"Ende" Is another of my favorite tracks, and I could say it is one of their most representative songs. It begins soft but little by little it is progressing. The drum work is excellent in the whole song and the guitars and synthesizer sounds help a lot. A very surprising thing here, is that they added a sax or trumpet sound, don't really know if it was done with the synth or the instrument itself appears as an extra and special guest. Though the song may be repetitive, I really dig it and enjoy it, especially the last part where the vocalist sings with all his heart.

"The Hardest of Comedowns" is another great song that combines the metal side of Manes, with their electronic experimentation. All the almost six minutes of this song have the same structure and the same mood. Until the final minute the music is fading out and the sound of a rain appears. When this happens, you are suddenly on the last track which is named "Confluence". Particularly I would not include this track because it is only spoken word, maybe If I understood the lyrics I could enjoy it more, but it is the voice with the rain, nothing more.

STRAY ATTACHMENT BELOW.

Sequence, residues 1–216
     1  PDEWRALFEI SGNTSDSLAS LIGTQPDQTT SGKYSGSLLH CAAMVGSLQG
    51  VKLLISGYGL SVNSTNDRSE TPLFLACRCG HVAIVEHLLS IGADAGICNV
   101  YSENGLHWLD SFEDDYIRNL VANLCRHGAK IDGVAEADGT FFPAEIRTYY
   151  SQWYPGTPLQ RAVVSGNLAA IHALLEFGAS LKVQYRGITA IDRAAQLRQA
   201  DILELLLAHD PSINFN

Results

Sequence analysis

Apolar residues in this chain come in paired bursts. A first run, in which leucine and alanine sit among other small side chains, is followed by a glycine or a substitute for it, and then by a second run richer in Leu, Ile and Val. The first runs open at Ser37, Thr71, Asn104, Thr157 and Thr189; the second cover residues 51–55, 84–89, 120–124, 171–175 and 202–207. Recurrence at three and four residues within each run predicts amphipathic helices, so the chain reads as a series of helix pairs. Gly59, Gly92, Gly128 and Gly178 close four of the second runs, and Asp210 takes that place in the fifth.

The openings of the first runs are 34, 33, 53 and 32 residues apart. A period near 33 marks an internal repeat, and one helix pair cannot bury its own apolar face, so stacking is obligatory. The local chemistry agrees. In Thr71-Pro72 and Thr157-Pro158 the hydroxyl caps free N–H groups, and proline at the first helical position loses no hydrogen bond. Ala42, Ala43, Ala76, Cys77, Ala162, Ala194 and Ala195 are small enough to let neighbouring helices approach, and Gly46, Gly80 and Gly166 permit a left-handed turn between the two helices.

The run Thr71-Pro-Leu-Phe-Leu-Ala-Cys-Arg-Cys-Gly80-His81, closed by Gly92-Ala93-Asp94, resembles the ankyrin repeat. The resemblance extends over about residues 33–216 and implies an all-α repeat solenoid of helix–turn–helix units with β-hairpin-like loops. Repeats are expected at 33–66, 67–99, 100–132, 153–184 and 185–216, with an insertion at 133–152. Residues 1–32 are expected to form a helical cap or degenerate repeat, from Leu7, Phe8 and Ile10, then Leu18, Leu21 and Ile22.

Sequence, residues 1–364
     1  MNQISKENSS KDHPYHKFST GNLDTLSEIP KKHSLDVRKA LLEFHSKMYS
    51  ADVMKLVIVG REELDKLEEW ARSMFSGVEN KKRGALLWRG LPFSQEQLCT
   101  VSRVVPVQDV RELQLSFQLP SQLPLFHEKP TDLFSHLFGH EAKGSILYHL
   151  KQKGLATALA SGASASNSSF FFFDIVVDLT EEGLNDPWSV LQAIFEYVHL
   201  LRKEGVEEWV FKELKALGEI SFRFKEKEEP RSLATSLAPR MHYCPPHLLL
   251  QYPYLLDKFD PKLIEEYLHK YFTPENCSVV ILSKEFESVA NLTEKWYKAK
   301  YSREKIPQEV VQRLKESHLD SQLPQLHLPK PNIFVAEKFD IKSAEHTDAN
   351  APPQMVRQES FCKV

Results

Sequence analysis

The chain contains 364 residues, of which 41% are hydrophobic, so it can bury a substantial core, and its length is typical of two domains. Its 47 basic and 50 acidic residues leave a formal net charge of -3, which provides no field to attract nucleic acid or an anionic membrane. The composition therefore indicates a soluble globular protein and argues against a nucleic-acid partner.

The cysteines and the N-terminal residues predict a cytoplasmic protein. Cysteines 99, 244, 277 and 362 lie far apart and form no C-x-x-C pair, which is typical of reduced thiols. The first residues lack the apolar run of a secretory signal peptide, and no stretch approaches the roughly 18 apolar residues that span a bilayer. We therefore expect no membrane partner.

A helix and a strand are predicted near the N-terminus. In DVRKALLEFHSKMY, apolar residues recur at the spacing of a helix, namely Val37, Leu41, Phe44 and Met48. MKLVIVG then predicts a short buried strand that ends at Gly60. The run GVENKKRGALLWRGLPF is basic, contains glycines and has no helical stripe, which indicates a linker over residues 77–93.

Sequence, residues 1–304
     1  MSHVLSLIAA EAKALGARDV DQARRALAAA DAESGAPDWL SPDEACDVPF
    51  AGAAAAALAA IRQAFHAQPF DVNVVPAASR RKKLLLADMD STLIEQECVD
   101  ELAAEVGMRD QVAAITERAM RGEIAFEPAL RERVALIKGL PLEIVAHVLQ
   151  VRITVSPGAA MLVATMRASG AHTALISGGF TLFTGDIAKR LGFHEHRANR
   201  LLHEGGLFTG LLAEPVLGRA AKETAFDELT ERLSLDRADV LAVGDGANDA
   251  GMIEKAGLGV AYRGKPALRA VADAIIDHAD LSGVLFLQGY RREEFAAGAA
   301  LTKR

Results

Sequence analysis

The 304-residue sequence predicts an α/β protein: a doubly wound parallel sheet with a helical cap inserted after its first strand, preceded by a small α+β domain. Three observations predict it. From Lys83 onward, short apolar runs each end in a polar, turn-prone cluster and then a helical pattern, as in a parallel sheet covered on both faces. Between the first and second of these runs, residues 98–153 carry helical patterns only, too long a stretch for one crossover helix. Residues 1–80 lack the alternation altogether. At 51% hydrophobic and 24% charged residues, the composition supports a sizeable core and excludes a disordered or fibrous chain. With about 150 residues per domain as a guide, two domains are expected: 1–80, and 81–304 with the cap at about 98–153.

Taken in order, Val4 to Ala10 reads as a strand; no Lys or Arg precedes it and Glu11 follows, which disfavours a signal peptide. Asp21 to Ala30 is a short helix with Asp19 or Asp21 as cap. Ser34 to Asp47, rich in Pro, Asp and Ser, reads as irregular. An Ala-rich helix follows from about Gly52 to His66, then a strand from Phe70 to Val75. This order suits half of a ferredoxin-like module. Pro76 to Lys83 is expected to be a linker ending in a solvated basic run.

An excellent recommendation and a true surprise, what a great and original album this is. My final grade will be four stars.

Enjoy it!

Report this review (#294431)
Posted Friday, August 13, 2010 | Review Permalink